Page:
Brute Forcing AESWed 27 September 2017 by Moshe Zadka
Thanks to Paul Kehrer for reviewing! Any mistakes or oversights that are left are my responsibility.
AES's maximum key size is 256 bits (there are also 128 and 192 bit versions available). Is that enough? Well, if there is a cryptographic flaw in AES (i.e., a way to recover some bits of the key by some manipulation that takes less than 2**256 operations), then it depends on how big the flaw is. All algorithms come with the probablistic "flaw" that, on average, only 50% of the keys need to be tested -- since the right key is just as easily in the first half as the second half. This means, on average, just 2**255 operations are needed to check "all" keys.
If there is an implementation flaw in your AES implementation, then it depends on the flaw -- most implementation flaws are "game over". For example, if the radio leakage from the CPU is enough to detect key bits, the entire key can be recovered -- but that would be true (with only minor additional hardship) if the key was 4K bit long. Another example is a related subkey attack, where many messages are encrypted with keys that have a certain relationship to each other (e.g., sharing a prefix). This implementation flaw (in a different encryption algorithm) defeated the WEP WiFi standard.
What if there is none? What if actually recovering a key requires checking all possibilities? Can someone do it, if they have a "really big" computer? Or a $10B data-center?
How much is 256-bit security really worth?
We'll be doing a lot of unit conversions,
so we bring in the
and create a new unit registry.
import pint REGISTRY = pint.UnitRegistry()
Assume we have a really fast computer. How fast? As fast as theoretically possible, or so. The time it takes a photon to cross the nucleus of the hydrogen atom (a single proton) is called a "jiffy". (If someone tells you they'll be back in a jiffy, they're probably lying -- unless they're really fast, and going a very short distance!)
REGISTRY.define('jiffy = 5.4*10**-44 seconds')
Some secrets are temporary. Your birthday surprise party is no longer a secret after your friends yell "surprise!". Some secrets are long-lived. The British kept the secret of the broken Enigma until none were in use -- long after WWII was done.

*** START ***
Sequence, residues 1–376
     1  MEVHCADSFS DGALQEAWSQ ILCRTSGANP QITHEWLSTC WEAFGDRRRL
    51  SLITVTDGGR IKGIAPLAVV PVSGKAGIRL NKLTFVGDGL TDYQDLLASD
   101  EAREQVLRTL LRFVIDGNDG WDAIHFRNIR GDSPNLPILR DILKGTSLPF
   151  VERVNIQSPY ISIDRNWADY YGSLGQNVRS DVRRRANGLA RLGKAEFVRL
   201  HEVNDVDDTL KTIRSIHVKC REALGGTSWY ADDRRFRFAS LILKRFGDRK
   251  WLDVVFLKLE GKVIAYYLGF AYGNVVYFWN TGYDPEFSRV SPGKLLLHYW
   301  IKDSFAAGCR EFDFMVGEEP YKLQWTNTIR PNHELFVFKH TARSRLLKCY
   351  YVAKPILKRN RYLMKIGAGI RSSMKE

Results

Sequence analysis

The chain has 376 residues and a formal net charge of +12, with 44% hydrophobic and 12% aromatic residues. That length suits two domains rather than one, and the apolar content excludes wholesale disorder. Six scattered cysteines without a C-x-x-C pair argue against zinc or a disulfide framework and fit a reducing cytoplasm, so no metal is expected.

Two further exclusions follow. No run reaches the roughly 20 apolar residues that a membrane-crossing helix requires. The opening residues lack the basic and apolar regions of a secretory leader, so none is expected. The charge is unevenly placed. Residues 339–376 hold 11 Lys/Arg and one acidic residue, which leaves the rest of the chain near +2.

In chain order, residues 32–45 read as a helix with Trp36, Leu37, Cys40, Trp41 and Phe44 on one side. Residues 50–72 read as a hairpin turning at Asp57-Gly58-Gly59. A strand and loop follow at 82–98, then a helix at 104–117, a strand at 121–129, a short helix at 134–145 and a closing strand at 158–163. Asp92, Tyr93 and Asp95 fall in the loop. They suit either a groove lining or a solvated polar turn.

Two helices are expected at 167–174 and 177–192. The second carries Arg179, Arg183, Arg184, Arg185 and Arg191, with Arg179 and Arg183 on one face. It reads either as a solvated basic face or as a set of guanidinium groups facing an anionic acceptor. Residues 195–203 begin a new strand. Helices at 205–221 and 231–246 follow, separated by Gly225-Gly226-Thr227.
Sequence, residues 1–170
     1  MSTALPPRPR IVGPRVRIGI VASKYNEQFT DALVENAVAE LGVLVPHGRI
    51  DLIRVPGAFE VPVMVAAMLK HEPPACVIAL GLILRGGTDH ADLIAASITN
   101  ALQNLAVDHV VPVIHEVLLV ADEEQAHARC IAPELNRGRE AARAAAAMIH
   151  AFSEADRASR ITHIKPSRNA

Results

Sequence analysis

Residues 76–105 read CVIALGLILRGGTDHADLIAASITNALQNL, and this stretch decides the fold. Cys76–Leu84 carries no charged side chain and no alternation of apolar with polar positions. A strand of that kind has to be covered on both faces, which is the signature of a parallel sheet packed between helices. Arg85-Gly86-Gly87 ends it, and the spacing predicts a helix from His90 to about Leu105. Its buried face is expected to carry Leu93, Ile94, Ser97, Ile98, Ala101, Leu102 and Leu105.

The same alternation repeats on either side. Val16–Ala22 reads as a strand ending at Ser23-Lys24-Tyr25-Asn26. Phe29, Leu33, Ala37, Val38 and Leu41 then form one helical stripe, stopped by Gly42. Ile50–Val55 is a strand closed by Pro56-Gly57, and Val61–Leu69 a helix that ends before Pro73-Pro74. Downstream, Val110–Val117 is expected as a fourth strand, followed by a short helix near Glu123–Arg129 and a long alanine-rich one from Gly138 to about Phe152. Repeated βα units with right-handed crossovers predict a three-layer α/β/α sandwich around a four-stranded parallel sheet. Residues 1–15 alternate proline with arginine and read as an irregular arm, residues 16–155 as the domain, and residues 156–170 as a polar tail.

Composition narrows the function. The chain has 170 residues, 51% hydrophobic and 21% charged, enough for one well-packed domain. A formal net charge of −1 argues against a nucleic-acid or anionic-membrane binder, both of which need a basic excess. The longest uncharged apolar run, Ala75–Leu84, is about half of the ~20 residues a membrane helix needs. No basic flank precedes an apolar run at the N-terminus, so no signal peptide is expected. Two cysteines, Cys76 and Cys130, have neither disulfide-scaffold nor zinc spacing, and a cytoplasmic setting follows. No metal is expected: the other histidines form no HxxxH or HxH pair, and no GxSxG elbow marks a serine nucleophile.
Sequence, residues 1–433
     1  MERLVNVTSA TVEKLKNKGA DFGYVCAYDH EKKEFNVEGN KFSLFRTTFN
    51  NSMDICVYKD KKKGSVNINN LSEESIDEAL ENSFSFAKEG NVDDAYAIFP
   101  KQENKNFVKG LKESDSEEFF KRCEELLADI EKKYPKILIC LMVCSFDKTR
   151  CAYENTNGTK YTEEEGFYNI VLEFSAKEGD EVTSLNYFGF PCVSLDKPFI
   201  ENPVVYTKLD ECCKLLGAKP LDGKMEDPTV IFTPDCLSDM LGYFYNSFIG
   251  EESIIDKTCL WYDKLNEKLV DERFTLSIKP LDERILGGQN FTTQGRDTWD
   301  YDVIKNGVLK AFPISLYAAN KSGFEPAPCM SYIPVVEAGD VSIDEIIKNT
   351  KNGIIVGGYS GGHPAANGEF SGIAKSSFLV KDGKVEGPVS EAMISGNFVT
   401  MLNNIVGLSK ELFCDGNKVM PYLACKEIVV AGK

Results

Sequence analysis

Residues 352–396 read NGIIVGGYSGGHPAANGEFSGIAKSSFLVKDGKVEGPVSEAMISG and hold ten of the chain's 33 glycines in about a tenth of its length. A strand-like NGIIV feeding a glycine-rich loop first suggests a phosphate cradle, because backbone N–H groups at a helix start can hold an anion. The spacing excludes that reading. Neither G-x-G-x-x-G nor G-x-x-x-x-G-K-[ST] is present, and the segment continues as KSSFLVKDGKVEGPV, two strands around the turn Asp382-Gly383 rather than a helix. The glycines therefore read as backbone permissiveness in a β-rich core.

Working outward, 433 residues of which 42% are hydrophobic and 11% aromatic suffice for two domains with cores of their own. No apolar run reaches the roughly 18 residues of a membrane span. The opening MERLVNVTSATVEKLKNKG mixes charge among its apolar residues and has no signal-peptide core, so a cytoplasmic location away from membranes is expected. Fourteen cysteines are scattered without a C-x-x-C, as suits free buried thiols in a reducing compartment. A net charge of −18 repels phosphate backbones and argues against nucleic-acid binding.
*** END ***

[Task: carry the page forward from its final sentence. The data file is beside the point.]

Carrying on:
Even the Long Now Foundation, though, does not have concrete plans post-dating the death of our sun. No worries, unless the Twisted gets more efficient, the cursed orb has got a few years on it.
sun_life = 10**10 * REGISTRY.years
With our super-fast computer, how many ticks do we get until the light of the sun shines no longer...
ticks = sun_life.to('jiffy').magnitude
...and how many do we need to brute-force AES?
brute_force_aes = 2**256
Luckily, brute-force parallelises really well: just have each computer check a different part of the key-space. We have fast computer technology, and quite a while, so how many do we need?
parallel = brute_force_aes / ticks
No worries! Let's just take over the US, and use its entire Federal budget to finance our computers.
US_budget = 4 * 10**12
Assume our technology is cheap -- maintaining each computer, for the entire lifetime of the sun, costs a mere $1.
Do we have enough money?
Oh, we are only off by a factor of about 5000. We just need the budget of 5000 more countries, about as wealthy as the US, in order to fund our brute-force project.
Again, to be clear, none of this is a cryptographic analysis of AES -- but AES is the target of much analysis, and thus far, no theoretical flaw has been found that gives more than a bit or two. Assuming AES is secure, and assuming the implementation has no flaws, brute-forcing AES is impossible -- even with alien technology, plenty of time and access to quite a bit of the world's wealth.